The Death Grip on the iPhone 4 has gotten its grip on Apple, for which they have issued a statement telling users that that they are "stunned" that they miscalculated the formula for bar signals that show on the iPhone 4.
The reason why the bars are dropping so quickly with a south-paw grip is that the number of bars showing weren't right in the first place. They call the cause for the dramatic drop "simple and surprising."
Apple will issue a software update for the iPhone 4, Phone 3GS and iPhone 3G, shortly to fix the glitch and remind users that if they are not happy they can return their new iPhone 4 for a refund within 30 days.
In the meantime, it's nearly impossible to find case that will cover up the left corner death grip location on the iPhone 4. Antenna experts AntennaSys, tried wrapping an iPhone 4 with electrical tape to see if the grip of death still occurred and there was not difference. They also found similar attenuation problems with the original iPhone.
To start with, gripping almost any mobile phone in certain ways will
reduce its reception by 1 or more bars. This is true of iPhone 4, iPhone
3GS, as well as many Droid, Nokia and RIM phones. But some users have
reported that iPhone 4 can drop 4 or 5 bars when tightly held in a way
which covers the black strip in the lower left corner of the metal band.
This is a far bigger drop than normal, and as a result some have
accused the iPhone 4 of having a faulty antenna design.
At the same time, we continue to read articles and receive hundreds
of emails from users saying that iPhone 4 reception is better than the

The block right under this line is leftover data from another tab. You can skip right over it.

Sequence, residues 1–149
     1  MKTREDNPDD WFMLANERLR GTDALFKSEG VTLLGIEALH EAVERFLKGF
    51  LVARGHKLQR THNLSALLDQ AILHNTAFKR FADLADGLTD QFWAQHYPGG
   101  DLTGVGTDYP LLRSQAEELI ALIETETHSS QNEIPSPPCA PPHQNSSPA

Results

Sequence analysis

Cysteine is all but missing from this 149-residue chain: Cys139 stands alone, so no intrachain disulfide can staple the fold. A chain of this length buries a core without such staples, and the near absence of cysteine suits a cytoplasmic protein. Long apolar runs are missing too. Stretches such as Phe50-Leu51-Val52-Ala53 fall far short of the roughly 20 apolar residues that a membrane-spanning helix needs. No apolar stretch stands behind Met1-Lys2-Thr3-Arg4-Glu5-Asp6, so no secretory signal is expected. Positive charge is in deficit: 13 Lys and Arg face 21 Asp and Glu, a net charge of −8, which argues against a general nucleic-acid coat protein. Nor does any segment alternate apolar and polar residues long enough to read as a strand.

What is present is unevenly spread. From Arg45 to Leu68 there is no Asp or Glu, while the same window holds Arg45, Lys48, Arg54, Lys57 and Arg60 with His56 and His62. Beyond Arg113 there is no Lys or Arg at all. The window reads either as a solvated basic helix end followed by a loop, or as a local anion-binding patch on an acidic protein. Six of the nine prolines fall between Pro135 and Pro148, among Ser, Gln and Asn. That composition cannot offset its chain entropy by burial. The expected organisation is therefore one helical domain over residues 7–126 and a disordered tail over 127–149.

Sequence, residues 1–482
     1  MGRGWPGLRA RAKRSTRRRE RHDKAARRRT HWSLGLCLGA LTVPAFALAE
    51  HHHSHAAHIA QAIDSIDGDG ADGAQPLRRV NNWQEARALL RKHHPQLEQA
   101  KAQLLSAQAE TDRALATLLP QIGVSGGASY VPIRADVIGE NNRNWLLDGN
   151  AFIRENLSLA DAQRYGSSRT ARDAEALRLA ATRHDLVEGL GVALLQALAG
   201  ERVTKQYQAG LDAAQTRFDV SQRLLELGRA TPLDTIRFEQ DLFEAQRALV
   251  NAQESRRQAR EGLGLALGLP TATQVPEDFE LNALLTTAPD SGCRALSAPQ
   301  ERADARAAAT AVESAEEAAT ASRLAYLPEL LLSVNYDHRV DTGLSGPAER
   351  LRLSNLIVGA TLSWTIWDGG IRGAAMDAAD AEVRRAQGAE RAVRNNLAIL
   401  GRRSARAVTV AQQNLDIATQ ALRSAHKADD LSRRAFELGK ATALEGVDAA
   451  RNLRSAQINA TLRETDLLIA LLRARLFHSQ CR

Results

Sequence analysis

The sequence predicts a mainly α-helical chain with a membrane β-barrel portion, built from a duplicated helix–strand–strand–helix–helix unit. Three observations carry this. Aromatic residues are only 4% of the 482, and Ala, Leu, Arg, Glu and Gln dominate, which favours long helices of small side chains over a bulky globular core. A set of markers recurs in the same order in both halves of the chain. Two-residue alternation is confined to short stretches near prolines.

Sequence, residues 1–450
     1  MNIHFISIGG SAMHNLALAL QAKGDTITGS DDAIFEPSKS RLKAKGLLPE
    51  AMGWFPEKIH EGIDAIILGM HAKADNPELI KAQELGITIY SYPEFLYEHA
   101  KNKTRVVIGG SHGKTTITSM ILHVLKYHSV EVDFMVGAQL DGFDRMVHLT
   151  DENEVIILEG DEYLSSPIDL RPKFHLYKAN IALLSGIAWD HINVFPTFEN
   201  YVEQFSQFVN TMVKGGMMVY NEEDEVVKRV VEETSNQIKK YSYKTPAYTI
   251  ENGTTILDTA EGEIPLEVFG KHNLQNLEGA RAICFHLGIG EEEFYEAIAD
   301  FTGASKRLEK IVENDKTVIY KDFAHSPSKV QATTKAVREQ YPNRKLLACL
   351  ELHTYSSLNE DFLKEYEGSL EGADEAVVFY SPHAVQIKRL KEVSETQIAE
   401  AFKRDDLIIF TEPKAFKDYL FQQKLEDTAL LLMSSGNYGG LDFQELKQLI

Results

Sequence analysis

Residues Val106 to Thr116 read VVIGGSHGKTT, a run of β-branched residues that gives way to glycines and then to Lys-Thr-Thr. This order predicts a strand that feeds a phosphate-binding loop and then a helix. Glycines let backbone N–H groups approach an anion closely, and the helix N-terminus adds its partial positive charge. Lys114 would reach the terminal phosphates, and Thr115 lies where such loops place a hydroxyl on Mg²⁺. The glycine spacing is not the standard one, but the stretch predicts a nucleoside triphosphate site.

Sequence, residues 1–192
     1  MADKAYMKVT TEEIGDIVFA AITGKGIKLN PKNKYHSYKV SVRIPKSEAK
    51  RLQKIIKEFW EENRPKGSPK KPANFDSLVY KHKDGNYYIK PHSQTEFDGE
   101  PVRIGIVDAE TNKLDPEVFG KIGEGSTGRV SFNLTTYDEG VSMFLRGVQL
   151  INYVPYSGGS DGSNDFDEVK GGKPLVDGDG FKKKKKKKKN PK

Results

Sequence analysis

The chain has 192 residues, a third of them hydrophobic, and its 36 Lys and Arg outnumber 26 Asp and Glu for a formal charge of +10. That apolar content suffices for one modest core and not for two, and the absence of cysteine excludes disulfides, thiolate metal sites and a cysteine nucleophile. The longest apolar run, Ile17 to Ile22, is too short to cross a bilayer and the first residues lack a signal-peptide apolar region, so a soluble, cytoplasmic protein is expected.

iPhone 3GS. They are delighted. This matches our own experience and
testing. What can explain all of this?
We have discovered the cause of this dramatic drop in bars, and it is
both simple and surprising.
Upon investigation, we were stunned to find that the formula we use
to calculate how many bars of signal strength to display is totally
wrong. Our formula, in many instances, mistakenly displays 2 more bars
than it should for a given signal strength. For example, we sometimes
display 4 bars when we should be displaying as few as 2 bars. Users
observing a drop of several bars when they grip their iPhone in a
certain way are most likely in an area with very weak signal strength,
but they don't know it because we are erroneously displaying 4 or 5
bars. Their big drop in bars is because their high bars were never real
in the first place.
To fix this, we are adopting AT&T's recently recommended formula
for calculating how many bars to display for a given signal strength.
The real signal strength remains the same, but the iPhone's bars will
report it far more accurately, providing users a much better indication
of the reception they will get in a given area. We are also making bars
1, 2 and 3 a bit taller so they will be easier to see.
We will issue a free software update within a few weeks that
incorporates the corrected formula. Since this mistake has been present
since the original iPhone, this software update will also be available
for the iPhone 3GS and iPhone 3G.
We have gone back to our labs and retested everything, and the
results are the same- the iPhone 4's wireless performance is the best we
have ever shipped. For the vast majority of users who have not been
troubled by this issue, this software update will only make your bars
more accurate. For those who have had concerns, we apologize for any
anxiety we may have caused.
As a reminder, if you are not fully satisfied, you can return your
undamaged iPhone to any Apple Retail Store or the online Apple Store
within 30 days of purchase for a full refund.